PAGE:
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Helper Objects: Custom tags vs. JavaBeans

 
John Pritchard
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I have a fundamental understanding of the implementation of custom tags and JavaBeans as helper or utility objects. Do any of you guys have a handy rule of thumb about when one is more appropriate to use than the other?
It would seem from a pure project staffing perspective that I can keep my JSPs simple (and staffed with UI type staff) and implement the majority of my logic as JavaBeans done but developers...
 
Peter den Haan
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Use JavaBeans to keep track of state. You can use the JSTL Expression Language (or the Struts expression language, if that's more your cup of tea) to extract this state and display it.
Use tags to perform any kind of processing, such as formatting, iteration, and conditionals. Of course you'd use prefab taglibs where possible e.g. JSTL or the Struts taglibs.
I'm not convinced that the complexity of taglibs is really a lot higher than that of JavaBeans. Using JavaBeans for processing means using scriptlets, and that can certainly make an unmaintainable mess of your JSP!
UI type staff is best kept away from any Java code. With the JSTL or the Struts logic tags, they can use tags to express simple logic. Anything more complicated is for Java developers.
- Peter
 
Bernd Stransky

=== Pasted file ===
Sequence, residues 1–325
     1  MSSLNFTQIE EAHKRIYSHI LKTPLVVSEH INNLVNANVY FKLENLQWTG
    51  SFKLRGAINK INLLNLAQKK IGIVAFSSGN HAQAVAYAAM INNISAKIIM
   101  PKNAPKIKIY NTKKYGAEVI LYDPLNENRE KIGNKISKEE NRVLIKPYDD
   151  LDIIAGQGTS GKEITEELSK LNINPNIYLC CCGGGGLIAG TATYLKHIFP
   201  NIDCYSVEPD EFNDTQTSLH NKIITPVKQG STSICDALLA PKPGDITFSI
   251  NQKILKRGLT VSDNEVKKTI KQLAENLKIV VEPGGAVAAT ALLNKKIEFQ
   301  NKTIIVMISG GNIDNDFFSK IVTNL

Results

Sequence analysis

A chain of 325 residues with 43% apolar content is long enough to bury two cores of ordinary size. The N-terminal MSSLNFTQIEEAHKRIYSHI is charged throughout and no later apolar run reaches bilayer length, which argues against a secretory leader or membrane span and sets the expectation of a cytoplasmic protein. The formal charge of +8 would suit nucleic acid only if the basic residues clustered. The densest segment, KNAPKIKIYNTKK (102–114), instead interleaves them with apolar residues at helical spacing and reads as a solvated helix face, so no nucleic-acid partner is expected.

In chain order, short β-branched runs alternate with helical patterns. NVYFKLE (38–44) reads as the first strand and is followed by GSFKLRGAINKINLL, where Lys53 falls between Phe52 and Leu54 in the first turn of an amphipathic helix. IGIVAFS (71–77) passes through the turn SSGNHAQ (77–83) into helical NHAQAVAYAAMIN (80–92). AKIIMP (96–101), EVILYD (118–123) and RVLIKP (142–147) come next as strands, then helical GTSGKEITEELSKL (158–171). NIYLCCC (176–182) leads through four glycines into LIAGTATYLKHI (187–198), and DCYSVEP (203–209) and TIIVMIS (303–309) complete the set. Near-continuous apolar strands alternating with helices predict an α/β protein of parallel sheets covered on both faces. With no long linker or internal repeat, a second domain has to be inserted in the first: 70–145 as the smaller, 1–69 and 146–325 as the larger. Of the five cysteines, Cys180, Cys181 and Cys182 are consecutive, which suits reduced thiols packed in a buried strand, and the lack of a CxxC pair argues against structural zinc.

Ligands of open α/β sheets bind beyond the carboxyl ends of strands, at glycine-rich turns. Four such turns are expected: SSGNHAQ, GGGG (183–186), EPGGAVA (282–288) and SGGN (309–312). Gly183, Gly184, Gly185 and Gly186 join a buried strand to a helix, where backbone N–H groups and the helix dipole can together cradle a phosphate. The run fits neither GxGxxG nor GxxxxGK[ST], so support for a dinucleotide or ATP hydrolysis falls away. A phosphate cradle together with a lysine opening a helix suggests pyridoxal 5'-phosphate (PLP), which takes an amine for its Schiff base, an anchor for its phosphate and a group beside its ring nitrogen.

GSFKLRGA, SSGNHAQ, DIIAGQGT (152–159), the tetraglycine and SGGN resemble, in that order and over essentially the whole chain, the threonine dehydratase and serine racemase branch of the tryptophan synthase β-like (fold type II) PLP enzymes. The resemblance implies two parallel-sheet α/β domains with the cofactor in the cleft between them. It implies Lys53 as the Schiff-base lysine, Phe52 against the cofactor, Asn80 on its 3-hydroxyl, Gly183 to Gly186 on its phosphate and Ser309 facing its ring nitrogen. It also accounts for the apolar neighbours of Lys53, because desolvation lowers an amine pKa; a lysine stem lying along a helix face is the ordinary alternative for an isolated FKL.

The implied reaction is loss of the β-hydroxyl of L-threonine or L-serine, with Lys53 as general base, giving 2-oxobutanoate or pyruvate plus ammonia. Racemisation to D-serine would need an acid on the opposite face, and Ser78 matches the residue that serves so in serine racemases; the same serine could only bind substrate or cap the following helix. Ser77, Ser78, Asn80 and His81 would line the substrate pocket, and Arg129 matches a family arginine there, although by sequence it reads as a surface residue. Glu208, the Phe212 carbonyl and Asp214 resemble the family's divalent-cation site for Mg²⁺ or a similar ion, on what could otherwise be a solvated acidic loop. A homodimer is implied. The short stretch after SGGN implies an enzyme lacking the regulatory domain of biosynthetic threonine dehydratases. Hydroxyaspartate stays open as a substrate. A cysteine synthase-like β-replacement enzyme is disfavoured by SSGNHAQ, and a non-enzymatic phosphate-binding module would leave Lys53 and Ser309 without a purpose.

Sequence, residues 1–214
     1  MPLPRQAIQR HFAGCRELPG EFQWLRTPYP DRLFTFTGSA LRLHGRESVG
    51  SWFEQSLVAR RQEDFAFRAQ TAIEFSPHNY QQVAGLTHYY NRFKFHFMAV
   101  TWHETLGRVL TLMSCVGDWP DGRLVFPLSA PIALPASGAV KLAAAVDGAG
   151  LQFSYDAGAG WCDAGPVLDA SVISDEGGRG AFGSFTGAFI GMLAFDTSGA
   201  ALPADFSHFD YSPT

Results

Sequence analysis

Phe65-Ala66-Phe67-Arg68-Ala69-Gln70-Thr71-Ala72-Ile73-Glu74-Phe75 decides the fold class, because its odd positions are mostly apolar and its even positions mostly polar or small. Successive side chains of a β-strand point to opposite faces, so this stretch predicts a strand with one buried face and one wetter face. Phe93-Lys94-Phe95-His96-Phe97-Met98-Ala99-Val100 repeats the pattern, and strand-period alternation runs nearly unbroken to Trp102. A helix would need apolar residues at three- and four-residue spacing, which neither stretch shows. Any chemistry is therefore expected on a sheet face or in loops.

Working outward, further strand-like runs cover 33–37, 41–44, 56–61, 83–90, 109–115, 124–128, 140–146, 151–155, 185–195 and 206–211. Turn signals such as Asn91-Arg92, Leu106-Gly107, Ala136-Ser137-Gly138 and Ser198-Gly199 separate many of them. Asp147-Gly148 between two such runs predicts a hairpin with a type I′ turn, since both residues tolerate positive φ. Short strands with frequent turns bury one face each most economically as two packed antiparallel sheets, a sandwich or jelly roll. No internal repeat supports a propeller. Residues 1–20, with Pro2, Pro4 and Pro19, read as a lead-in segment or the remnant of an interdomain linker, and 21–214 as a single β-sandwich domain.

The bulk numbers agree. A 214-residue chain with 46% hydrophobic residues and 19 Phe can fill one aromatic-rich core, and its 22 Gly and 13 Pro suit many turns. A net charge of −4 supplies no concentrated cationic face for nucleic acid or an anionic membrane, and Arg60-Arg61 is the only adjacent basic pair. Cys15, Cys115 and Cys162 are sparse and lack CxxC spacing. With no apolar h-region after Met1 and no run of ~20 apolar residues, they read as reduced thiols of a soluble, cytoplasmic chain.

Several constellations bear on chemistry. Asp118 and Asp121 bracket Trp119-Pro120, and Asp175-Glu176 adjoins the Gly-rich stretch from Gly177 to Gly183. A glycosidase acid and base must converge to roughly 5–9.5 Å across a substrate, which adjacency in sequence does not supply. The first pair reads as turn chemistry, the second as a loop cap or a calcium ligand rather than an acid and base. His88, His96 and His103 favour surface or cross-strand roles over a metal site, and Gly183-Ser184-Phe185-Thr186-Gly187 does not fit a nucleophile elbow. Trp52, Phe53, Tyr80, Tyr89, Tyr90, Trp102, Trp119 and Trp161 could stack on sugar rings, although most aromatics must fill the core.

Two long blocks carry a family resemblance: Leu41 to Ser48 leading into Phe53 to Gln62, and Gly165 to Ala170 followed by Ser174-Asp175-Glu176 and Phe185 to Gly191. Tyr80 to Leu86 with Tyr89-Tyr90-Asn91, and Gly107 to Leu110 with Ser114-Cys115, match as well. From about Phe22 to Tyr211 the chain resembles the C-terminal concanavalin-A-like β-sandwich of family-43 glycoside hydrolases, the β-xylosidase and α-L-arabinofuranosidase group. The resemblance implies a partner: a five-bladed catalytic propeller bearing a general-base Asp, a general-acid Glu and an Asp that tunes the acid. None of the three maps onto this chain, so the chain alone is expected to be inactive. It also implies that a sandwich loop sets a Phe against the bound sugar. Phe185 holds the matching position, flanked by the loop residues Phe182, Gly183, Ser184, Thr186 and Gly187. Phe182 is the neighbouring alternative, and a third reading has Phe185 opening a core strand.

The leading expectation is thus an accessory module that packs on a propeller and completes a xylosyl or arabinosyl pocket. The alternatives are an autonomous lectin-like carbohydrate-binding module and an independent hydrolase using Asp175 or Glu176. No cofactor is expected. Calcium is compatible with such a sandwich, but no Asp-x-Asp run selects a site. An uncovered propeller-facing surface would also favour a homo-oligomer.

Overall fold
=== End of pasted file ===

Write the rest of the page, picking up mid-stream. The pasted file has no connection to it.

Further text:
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Hi,
I use JavaBeans to hold entities like a person, address, item etc. The Bean knows how to store, manipulate this data - it does not know anything about HTML or how to present this data in any way (the model in MVC terms).

Tags act as a proxy between some entity which holds data and how to present it to the user.
I use tags to keep my JSP clean from Java code (scriptlets), create the presentation layer with hopefully clean and short tag code, access beans (the model data) from tags.

Regards,
Bernd
SCJP
 
John Pritchard
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Peter/Bernd-
Thanks. That clears things up nicely. A similar paragraph in Professional JSP or the Manning book would have been uselful.
regards,
 
Simon Brown
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Originally posted by John Pritchard:
Peter/Bernd-
Thanks. That clears things up nicely. A similar paragraph in Professional JSP or the Manning book would have been uselful.
regards,

Indeed it would have - which is why I devoted a fair chunk of a chapter to it in Professional JSP Tag Libraries. It can be found in Chapter 8 (Tag Patterns) (available to download for free in PDF) if you're interested in this topic. I also present a some of the behind the scenes mechanics as justifications, and a comparison of how beans and tags are used on the page.
All the best
Simon
 
John Pritchard
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Simon-
Thanks for the reply. I will make a point to add your book to my "Need 2 Read" list.
I also know it's much easier to edit than write
You have my continued thanks for producing literature for us.
Cheers,
 
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